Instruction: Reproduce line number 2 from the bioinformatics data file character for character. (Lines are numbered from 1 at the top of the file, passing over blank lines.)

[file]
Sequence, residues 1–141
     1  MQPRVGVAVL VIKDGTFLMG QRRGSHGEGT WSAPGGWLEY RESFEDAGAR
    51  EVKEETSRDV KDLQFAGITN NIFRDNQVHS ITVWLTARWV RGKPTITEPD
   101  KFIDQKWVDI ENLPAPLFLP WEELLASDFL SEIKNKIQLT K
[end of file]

     1  MQPRVGVAVL VIKDGTFLMG QRRGSHGEGT WSAPGGWLEY RESFEDAGAR